machine-id - Local machine ID configuration file
The /etc/machine-id file contains the unique machine ID of the local system that
is set during installation. The machine ID is a single newline-terminated,
hexadecimal, 32-character, lowercase ID. When decoded from hexadecimal, this
corresponds to a 16-byte/128-bit value.
The machine ID is usually generated from a random source during system
installation and stays constant for all subsequent boots. Optionally, for
stateless systems, it is generated during runtime at early boot if it is found
to be empty.
The machine ID does not change based on local or network configuration or when
hardware is replaced. Due to this and its greater length, it is a more useful
replacement for the gethostid
(3) call that POSIX specifies.
This machine ID adheres to the same format and logic as the D-Bus machine ID.
This ID uniquely identifies the host. It should be considered
"confidential", and must not be exposed in untrusted environments,
in particular on the network. If a stable unique identifier that is tied to
the machine is needed for some application, the machine ID or any part of it
must not be used directly. Instead the machine ID should be hashed with a
cryptographic, keyed hash function, using a fixed, application-specific key.
That way the ID will be properly unique, and derived in a constant way from
the machine ID but there will be no way to retrieve the original machine ID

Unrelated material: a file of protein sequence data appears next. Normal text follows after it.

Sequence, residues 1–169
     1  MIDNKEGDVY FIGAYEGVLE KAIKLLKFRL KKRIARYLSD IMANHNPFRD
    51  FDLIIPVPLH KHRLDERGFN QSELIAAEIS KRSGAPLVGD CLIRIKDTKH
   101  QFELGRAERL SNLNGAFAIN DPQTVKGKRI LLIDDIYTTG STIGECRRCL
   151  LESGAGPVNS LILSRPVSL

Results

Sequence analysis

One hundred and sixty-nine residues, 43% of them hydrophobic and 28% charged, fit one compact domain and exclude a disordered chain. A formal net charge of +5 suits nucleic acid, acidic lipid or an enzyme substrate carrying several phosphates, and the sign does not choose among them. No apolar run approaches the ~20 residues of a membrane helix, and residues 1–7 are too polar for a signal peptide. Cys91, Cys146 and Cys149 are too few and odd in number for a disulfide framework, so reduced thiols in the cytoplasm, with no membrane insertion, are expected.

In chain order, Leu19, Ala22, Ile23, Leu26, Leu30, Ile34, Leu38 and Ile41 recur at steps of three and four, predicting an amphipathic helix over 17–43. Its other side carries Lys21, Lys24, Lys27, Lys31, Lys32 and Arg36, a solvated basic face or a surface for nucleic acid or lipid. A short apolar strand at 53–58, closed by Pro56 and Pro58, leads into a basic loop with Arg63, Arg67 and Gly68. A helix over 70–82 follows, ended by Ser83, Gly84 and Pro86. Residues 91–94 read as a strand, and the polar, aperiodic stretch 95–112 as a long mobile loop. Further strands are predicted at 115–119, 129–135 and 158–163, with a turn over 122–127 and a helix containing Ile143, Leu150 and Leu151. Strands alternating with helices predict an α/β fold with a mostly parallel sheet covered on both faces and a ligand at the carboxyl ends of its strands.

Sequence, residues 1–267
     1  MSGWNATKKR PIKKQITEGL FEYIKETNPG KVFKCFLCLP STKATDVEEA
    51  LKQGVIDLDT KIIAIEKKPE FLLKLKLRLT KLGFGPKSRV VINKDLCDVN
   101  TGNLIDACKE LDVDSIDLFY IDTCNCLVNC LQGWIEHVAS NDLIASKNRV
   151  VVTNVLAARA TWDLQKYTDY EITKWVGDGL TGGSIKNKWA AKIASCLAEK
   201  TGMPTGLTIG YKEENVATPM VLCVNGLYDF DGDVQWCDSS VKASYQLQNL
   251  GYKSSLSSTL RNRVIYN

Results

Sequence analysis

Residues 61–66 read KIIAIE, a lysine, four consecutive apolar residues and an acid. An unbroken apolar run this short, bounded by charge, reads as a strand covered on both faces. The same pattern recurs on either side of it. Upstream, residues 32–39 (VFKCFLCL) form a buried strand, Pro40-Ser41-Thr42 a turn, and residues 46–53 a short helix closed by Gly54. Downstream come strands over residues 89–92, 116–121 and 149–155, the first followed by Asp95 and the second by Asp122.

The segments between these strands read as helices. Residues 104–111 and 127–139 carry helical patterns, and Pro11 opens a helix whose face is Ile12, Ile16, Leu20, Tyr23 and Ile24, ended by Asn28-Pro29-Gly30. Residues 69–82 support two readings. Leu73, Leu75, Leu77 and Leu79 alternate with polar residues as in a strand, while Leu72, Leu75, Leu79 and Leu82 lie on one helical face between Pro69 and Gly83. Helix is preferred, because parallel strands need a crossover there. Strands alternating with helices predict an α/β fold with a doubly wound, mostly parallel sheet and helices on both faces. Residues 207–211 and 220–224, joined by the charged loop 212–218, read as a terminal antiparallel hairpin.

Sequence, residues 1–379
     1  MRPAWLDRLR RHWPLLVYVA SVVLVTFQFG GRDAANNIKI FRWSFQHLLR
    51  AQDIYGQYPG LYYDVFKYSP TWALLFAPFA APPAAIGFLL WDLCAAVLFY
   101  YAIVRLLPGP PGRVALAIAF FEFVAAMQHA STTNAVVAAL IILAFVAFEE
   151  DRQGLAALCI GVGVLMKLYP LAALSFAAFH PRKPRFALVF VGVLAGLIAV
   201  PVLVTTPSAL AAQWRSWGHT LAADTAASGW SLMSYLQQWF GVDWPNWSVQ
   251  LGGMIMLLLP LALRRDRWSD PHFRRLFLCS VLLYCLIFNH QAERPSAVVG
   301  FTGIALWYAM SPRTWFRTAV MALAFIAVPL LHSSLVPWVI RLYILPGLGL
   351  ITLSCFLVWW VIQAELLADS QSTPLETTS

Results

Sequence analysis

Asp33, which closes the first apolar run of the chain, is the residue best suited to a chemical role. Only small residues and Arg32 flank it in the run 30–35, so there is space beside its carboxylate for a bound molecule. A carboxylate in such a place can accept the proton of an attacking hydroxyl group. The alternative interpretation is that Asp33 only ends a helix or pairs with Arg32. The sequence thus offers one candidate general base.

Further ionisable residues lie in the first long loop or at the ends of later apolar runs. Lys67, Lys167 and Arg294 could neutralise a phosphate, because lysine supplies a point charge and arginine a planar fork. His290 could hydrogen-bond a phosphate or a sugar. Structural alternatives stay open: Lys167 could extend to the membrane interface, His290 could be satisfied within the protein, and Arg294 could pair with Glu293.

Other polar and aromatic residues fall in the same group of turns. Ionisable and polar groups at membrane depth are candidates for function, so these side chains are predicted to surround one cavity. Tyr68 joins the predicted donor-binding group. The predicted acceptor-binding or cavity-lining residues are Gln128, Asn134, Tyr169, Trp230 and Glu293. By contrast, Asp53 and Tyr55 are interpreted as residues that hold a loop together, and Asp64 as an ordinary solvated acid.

from the application-specific one. The
(3) API provides an implementation of
such an algorithm.
(1) tool may be used by installer tools to
initialize the machine ID at install time. Use systemd-firstboot
initialize it on mounted (but not booted) system images.
The machine-id may also be set, for example when network booting, by setting the
kernel command line parameter or passing the option
to systemd. A machine-id may not be set to all zeros.
Note that the machine ID historically is not an OSF UUID as defined by RFC
, nor a Microsoft GUID; however, starting with systemd v30, newly
generated machine IDs do qualify as v4 UUIDs.
In order to maintain compatibility with existing installations, an application
requiring a UUID should decode the machine ID, and then apply the following
operations to turn it into a valid OSF v4 UUID. With "id" being an
unsigned character array:
/* Set UUID version to 4 --- truly random generation */
id = (id & 0x0F) | 0x40;
/* Set the UUID variant to DCE */
id = (id & 0x3F) | 0x80;
(This code is inspired by "generate_random_uuid()" of
drivers/char/random.c from the Linux kernel sources.)
The simple configuration file format of /etc/machine-id originates in the
/var/lib/dbus/machine-id file introduced by D-Bus. In fact, this latter file
might be a symlink to /etc/machine-id.
- RFC 4122